Easter is a beautiful holiday – and one of the biggest – all across the Christian world, but the most interesting and beautiful (and certainly unique) traditions for the celebration of the re-birth of Spring and our Savior you can certainly find in Europe. Let me show you some of the most interesting ones you can encounter if you happen to travel to these European countries during the Easter holidays.
1. The Osterbaumen of Germany
Easter is a very popular – and quite big – holiday in Germany. School is out, as children get a two-week vacation that includes the Easter holiday, while their parents – all adults, actually – are also free on the Good Friday and Easter Monday, having an extra long weekend which they use to relax (and play at the red flush online casino or travel.
The German celebration of Easter includes Easter eggs – actually the tradition of boiling and decorating eggs for Easter comes from this country, the egg representing birth. Germans not just decorate the eggs themselves, but use them as decorations, too – the Osterbaum (Easter Tree) is a tree or branch usually decorated with colored ribbons and loads of Easter eggs.
2. Dansa de la Mort in Verges, Spain
The Dansa de la Mort – the Dance of the Dead – is a long tradition of the Catalan municipality Verges in Spain. Verges is a small town near Barcelona, with a long history. Their Dance of the Dead, as part of the Easter Passion play, represents the belief that all souls are equal in front of the Final Judgement, men and women, rich and poor alike. Dances of the Dead were customary in a series of European countries since the Middle Ages, but they have disappeared in all but one regions – Verges.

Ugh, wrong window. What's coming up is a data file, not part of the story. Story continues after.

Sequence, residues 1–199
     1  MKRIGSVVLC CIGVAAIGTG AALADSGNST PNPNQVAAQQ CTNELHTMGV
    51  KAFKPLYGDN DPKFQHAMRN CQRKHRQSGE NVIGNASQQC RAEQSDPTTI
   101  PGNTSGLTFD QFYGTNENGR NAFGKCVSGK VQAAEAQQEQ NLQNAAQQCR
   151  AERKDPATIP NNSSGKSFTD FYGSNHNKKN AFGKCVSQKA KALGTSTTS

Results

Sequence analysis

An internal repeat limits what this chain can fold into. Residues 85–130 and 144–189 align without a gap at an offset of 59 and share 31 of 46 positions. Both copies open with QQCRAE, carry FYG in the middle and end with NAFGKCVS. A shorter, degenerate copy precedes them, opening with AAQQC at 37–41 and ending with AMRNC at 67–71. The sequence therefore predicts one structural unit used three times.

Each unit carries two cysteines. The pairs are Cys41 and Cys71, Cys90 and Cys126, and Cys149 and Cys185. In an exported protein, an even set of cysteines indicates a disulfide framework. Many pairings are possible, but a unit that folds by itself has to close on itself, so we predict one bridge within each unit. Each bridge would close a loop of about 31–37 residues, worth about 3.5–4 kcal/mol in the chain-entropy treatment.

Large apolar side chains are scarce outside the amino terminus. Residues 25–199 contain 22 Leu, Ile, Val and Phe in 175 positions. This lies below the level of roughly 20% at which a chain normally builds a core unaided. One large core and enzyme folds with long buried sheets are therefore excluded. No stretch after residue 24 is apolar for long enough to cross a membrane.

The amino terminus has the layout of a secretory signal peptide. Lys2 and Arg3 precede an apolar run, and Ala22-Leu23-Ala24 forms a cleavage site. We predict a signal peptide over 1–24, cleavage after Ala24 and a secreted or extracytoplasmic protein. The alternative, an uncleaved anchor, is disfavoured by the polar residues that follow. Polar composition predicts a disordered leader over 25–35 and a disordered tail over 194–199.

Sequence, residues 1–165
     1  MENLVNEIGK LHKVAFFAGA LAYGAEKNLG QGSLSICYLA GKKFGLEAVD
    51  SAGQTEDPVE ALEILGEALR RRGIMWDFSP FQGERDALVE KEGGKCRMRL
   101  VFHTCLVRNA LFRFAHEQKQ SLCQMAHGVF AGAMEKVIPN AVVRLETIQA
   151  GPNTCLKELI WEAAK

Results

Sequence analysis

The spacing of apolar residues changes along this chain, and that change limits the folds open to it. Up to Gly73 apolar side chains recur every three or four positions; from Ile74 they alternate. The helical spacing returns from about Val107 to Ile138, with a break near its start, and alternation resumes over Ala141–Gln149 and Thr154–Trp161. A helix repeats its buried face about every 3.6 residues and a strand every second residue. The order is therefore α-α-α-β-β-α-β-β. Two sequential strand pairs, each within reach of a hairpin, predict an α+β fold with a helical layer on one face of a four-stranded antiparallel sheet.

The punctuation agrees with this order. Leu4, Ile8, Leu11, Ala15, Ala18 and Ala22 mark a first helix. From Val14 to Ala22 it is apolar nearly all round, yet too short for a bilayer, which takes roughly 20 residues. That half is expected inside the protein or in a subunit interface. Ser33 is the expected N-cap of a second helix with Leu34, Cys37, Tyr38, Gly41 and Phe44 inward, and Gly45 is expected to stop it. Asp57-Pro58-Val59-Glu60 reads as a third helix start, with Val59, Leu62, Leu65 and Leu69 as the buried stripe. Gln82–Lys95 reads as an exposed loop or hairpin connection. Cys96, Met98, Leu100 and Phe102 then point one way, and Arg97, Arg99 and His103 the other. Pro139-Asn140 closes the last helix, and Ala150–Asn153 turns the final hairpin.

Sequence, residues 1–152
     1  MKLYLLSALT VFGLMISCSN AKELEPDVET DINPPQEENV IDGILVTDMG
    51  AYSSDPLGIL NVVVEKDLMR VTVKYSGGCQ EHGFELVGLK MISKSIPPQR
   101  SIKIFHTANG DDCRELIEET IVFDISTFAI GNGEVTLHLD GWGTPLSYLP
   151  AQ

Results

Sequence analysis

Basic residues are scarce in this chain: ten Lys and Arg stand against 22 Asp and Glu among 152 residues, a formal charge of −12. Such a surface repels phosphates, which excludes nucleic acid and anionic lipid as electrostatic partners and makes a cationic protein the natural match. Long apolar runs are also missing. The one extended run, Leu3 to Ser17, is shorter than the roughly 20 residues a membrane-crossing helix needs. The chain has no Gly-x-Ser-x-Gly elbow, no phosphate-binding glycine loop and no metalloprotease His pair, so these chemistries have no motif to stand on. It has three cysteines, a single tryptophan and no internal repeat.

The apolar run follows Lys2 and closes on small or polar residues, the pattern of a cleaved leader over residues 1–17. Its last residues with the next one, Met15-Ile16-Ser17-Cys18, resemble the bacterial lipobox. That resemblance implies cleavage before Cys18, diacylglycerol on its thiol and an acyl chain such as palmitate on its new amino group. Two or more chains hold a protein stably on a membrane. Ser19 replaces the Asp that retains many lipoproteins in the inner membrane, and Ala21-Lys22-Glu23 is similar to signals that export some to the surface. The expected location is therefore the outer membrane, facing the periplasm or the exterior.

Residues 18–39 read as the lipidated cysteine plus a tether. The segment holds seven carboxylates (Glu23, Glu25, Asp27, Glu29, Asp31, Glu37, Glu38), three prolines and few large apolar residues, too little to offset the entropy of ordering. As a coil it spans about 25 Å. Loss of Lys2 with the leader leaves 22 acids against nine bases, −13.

Verges is at about one hour from Barcelona, and it has nice sights to see even outside the special Easter attraction – its old town center is filled with medieval buildings to see.
The Basilica di San Marco – and the public square it is on – is one of the iconic landmarks of Venice. Thousands of tourists visit it every year, admiring its grace and beautiful architecture. Imagine that beautiful church lit by hundreds of candles, with hundreds of Christians attending the late night mass at Easter, all this combined with the sounds of the bells in the night – it’s a moving, uplifting sensation, even if you are not celebrating Easter with them.
Every year thousands of Italians visit Venice for the holidays – many of them to attend the Easter mass at the Basilica di San Marco.